Date: ca. 430–420 B.C.
Culture: Greek, Attic
Medium: Terracotta; red-figure
Dimensions: H. 9 5/16 in. (23.6 cm)
Credit Line: Fletcher Fund, 1937
Accession Number: 37.11.19
The relationship between the man and woman portrayed on this jug is ambiguous, but the time of day is not–the small oil lamp held by the woman provides a clear reference to nighttime. It has been suggested that the man is a drunken husband returning home to his wife after a long night of merriment, or that he is an intoxicated man visiting a brothel after an evening of heavy drinking. That he bangs on the door with his staff suggests the latter, as does the gesture of the woman (probably a servant), which implies a sense of apprehension at the thought of opening the door to this potentially boorish customer.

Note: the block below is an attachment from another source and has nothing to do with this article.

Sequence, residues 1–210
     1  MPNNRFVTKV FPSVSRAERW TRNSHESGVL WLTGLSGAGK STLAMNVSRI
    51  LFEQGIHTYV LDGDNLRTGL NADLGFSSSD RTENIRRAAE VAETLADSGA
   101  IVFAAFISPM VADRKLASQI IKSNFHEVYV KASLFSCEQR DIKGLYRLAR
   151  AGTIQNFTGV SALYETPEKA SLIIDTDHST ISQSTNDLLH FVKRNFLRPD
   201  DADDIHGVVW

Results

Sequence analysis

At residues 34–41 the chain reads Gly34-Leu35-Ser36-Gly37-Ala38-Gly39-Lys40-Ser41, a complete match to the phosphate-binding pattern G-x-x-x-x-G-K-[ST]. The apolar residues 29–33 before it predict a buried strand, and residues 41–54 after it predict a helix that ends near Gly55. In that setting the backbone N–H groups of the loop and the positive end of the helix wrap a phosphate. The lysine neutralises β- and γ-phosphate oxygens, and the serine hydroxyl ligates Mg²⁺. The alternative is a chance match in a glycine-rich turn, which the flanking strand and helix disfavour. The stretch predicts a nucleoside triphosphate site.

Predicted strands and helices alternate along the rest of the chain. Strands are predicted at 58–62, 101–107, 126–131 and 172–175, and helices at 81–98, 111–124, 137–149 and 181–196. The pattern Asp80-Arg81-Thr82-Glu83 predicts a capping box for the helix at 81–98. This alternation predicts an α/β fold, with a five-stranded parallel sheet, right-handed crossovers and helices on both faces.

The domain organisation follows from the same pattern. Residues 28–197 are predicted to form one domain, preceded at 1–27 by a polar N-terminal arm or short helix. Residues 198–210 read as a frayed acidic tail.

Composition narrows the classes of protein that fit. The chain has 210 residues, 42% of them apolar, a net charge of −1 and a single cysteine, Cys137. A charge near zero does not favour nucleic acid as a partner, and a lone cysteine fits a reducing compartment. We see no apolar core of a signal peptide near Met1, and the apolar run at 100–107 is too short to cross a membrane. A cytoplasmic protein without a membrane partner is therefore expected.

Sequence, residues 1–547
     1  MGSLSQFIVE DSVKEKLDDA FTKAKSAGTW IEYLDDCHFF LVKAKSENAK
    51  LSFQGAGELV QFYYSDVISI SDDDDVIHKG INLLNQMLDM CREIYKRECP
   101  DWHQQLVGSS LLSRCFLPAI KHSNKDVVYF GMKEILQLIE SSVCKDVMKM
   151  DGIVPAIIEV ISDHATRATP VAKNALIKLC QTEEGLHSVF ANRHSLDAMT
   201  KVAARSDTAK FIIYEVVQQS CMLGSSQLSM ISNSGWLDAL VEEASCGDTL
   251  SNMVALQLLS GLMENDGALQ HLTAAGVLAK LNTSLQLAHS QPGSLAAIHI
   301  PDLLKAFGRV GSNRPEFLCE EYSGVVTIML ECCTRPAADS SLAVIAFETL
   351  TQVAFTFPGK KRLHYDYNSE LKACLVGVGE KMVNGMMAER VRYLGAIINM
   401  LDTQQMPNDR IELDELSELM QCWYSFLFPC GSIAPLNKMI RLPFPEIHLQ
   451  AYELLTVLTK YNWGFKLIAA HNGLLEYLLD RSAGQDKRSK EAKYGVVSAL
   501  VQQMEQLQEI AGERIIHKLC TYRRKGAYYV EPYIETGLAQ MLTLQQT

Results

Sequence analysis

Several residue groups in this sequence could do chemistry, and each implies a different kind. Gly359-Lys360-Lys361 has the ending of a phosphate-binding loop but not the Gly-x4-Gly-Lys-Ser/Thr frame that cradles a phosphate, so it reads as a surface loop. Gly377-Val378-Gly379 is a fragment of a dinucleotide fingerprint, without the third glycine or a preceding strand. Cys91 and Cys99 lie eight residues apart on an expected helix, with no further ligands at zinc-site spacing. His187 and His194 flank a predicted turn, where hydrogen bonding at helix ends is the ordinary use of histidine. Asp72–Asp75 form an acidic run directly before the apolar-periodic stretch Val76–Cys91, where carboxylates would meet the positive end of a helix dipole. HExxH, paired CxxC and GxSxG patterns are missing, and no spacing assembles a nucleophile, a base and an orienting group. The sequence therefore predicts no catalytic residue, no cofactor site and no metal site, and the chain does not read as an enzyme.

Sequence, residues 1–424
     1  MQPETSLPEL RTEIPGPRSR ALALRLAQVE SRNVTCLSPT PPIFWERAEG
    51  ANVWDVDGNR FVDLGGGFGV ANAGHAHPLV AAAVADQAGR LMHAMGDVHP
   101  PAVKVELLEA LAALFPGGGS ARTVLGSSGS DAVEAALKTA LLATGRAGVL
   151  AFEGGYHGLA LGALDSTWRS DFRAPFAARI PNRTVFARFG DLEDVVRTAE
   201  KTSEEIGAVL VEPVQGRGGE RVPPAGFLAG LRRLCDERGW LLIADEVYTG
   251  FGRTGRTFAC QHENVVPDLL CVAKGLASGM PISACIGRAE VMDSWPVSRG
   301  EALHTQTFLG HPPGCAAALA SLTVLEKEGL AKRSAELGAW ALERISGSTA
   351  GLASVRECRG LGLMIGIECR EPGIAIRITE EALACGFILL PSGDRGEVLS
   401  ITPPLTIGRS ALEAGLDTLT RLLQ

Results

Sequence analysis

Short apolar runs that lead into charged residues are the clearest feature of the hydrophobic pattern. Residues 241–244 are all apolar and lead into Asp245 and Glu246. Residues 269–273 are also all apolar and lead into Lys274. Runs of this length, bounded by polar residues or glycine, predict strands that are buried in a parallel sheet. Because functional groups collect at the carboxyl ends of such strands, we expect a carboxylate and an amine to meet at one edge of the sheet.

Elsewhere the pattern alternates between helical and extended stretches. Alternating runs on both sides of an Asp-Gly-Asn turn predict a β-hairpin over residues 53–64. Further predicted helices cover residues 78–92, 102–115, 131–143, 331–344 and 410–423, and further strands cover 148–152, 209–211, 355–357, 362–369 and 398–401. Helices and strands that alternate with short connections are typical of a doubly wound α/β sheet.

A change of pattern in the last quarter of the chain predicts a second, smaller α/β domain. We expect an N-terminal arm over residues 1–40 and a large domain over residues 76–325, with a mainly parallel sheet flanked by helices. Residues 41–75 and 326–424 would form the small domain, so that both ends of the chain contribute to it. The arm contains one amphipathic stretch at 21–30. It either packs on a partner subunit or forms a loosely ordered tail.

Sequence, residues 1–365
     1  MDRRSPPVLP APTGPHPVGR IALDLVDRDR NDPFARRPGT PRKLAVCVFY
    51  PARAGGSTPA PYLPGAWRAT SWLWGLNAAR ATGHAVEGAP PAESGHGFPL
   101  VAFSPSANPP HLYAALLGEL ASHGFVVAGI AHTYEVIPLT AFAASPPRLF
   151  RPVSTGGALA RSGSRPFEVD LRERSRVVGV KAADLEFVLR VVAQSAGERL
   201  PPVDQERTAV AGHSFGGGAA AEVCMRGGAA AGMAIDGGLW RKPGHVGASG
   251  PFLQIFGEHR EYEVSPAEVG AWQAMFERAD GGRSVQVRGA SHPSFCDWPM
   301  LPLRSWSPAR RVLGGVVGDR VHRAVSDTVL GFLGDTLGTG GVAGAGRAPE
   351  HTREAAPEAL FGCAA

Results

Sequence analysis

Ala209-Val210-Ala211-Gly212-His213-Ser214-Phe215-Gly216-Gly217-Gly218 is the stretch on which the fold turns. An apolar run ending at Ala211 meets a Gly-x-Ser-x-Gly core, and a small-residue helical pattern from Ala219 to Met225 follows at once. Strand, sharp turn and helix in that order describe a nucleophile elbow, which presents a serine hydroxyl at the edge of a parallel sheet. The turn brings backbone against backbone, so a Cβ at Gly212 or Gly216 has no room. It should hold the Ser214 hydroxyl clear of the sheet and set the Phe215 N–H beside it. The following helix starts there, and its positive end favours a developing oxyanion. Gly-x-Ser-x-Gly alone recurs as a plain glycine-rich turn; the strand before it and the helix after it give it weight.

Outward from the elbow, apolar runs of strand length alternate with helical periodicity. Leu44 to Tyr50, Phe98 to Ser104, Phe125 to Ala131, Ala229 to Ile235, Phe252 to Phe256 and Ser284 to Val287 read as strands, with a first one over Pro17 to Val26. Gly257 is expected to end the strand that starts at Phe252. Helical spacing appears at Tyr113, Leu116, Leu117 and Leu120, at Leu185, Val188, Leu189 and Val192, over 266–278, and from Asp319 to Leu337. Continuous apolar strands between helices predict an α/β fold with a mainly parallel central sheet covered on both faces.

The specific temporal context provided by the oil lamp explains the man's coarse behavior. It is thought that he has just concluded an evening of ritual drinking that is part of the Anthesterion, the three-day festival in honor of Dionysos celebrated in early spring. The drinking of the new vintage (to which the scene on this jug may relate) was the primary activity of the Choes, the name of the second day of the Anthesterion, as well as the shape of this wine jug. These jugs were used as vessels with which the new wine was taken from giant pithoi (storage casks) and then poured into drinking cups. The shape of this vessel, the depiction of an inebriated reveler, as well as the indication of nighttime provided by the oil lamp all allude to the festival of the Choes. Moreover, the lamp in the context of a brothel is perfectly logical since we know from a passage in Athenaios' Sophists at Dinner (13.569C) that such businesses were open day and night.